Thursday
May 23, 2013

# Homework Help: Physics

Posted by michelle quendarsv on Saturday, November 20, 2010 at 8:29pm.

if it takes 726 watts of power to move a mass 36 meters in 14 seeconds, what is the mass?

i really need like, step by step help please? asap.
thanks, michelle .
physics - bobpursley, Saturday, November 20, 2010 at 4:06pm
power= work/time= mass*g*distance/time

mass= power*time/distance*g

physics - michelle quendarsv, Saturday, November 20, 2010 at 4:24pm
so... would it be like,
726 x 14 / 36 ?
physics - bobpursley, Saturday, November 20, 2010 at 6:08pm
no, what happened to g (9.8m/s^2) in the denominator?

physics - michelle quendarsv, Saturday, November 20, 2010 at 6:40pm
but where did you get 9.8m/s2?
physics - Damon, Saturday, November 20, 2010 at 7:27pm
He is assuming that you are moving the mass up against gravity. g = 9.8 m/s^2
then force up = m g = 9.8 m

If you are moving it horizontally and there is no friction and it is stopped at the start, that is another problem entirely.
It has zero kinetic energy at the start and we need to find the KE at the end to find how much work is done.
we need the acceleration
36 = (1/2) a (14)^2
a = .367 m/s^2
then
v = a t = .367 *14 = 5.14

then (1/2) m (5.14)^2 = 726*14

However I suspect that the way bobpursley told you is what your teacher wants.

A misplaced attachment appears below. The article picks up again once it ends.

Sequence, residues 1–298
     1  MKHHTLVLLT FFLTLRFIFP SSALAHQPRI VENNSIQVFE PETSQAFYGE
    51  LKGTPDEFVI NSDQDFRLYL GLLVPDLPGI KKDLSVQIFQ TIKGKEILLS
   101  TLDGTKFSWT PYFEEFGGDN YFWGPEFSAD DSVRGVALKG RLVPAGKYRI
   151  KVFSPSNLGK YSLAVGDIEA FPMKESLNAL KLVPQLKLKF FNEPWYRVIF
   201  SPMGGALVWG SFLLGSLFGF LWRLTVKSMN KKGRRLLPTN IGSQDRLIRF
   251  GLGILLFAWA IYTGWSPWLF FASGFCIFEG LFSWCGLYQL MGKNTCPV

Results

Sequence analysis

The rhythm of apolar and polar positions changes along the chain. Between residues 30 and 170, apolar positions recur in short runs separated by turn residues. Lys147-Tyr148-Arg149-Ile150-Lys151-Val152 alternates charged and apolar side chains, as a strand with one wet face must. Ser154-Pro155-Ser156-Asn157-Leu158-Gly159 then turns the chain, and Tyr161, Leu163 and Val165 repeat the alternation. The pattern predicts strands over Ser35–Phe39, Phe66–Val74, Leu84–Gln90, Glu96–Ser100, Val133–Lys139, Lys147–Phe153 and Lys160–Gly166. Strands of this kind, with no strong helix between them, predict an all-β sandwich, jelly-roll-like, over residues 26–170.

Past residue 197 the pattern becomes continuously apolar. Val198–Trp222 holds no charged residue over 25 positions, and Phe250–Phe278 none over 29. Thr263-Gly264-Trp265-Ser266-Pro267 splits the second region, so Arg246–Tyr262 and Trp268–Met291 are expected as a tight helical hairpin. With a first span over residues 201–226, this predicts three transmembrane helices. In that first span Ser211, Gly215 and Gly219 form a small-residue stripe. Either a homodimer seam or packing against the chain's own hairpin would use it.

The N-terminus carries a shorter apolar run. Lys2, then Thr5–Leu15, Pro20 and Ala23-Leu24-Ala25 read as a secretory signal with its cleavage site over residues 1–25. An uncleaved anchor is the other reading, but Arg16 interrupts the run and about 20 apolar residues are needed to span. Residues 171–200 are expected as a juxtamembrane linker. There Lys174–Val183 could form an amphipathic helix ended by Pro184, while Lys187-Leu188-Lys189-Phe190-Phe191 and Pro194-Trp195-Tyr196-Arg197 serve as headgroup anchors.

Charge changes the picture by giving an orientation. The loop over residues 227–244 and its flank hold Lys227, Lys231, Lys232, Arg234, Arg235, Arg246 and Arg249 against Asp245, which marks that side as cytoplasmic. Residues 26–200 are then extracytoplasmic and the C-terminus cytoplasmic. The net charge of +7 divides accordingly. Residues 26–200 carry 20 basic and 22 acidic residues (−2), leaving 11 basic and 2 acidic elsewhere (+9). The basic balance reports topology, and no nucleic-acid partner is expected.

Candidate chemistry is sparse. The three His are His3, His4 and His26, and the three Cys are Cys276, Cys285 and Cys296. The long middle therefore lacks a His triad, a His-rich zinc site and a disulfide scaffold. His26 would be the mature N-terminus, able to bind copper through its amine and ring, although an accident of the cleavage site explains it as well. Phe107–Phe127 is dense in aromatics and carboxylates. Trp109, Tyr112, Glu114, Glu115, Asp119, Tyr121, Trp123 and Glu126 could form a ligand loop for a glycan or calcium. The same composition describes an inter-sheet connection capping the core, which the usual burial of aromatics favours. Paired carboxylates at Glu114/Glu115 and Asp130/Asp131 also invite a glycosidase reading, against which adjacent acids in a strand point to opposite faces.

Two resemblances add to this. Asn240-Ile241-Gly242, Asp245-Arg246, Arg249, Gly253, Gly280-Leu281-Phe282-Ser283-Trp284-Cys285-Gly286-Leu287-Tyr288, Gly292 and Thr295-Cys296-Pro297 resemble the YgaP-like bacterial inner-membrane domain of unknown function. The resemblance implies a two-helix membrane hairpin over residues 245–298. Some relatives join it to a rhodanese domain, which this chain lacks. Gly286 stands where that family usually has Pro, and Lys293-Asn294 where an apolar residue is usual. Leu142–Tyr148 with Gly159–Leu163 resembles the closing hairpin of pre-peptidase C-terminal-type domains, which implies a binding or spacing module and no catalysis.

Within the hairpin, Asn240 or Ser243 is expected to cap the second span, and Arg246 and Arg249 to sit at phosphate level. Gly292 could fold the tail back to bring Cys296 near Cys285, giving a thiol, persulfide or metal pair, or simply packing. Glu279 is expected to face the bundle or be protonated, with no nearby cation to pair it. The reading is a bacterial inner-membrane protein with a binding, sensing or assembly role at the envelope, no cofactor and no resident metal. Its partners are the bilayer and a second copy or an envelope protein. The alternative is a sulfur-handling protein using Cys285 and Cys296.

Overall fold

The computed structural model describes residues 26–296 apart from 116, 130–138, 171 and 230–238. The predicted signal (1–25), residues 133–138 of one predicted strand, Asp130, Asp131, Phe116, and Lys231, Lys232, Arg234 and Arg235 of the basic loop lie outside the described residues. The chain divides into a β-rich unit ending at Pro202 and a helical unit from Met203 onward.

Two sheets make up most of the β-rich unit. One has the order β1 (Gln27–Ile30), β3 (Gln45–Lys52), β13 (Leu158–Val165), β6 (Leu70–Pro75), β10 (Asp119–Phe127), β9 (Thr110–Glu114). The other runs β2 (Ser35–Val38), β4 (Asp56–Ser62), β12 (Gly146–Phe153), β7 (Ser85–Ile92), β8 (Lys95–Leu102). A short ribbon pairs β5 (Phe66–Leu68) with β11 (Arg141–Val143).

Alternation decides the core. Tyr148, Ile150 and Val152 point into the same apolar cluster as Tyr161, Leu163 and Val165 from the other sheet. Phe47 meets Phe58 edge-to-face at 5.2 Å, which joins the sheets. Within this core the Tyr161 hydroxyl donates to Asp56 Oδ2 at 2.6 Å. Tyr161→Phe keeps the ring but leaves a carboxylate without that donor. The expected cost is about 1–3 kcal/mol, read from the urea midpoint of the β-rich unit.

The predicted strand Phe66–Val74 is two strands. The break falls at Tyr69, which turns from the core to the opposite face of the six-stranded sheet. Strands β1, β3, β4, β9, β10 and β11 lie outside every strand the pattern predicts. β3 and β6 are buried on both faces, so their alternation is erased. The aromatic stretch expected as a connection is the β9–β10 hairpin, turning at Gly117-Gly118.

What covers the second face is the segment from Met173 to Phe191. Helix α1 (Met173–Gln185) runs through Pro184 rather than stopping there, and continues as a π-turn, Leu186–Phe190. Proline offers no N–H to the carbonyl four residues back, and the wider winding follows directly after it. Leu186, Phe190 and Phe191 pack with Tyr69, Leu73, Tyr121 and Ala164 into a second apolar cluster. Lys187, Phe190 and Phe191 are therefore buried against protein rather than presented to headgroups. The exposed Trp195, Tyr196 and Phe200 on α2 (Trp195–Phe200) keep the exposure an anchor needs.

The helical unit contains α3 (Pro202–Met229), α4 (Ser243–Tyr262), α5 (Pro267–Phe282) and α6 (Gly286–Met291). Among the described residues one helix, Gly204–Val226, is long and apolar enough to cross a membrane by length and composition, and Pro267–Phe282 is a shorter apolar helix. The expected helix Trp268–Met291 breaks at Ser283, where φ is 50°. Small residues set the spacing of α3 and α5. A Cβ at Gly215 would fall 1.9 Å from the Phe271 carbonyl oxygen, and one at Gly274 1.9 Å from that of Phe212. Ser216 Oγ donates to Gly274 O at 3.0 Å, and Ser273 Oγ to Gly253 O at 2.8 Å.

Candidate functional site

physics - Damon, Saturday, November 20, 2010 at 7:29pm
He is assuming that you are moving the mass up against gravity. g = 9.8 m/s^2
then force up = m g = 9.8 m

If you are moving it horizontally and there is no friction and it is stopped at the start, that is another problem entirely.
It has zero kinetic energy at the start and we need to find the KE at the end to find how much work is done.
we need the acceleration
36 = (1/2) a (14)^2
a = .367 m/s^2
then
v = a t = .367 *14 = 5.14

then (1/2) m (5.14)^2 = 726*14

However I suspect that the way bobpursley told you is what your teacher wants.

physics - michelle quendarsv, Saturday, November 20, 2010 at 8:03pm
That's a lot of work...

umm, it says nothing about "moving up against gravity"

but if you say so... thanks, i guess.

can you give me another example with this question

-What is the mass of an object if it took 270 J of work to move it 15 meters?
Physics - Damon, Saturday, November 20, 2010 at 8:15pm
9.8 is g
If moving it up then
F = m g
F * distance = work = 15 m (9.8) in Joules
so
270 = 15 * m * 9.8
m = 270 / (15*9.8)

Physics - michelle quendarsv, Saturday, November 20, 2010 at 8:28pm
Okay, thank you...

I have another question

If an object has a mass of 47 kg and it is moved 27 meters in 60 seconds, how much power was used?

(also, would this also include the 9.8 from g?)

Thanks.

• Physics - bobpursley, Saturday, November 20, 2010 at 8:40pm

Michelle: You need a book I know of. Go to any college bookstore, or BarnesNoble, and take a look at Schaum's Outline series, Physics. There are a number of titles in this series, I like the Physics for Scientists and Engineers, but that may be a bit mathematical for you, so College Physics may be more to your liking. But look at them. They are inexpensive, and have about 2000 solved problems in them, organized by units.

• Physics - michelle quendarsv, Saturday, November 20, 2010 at 8:55pm

Oh ok, thank you :)

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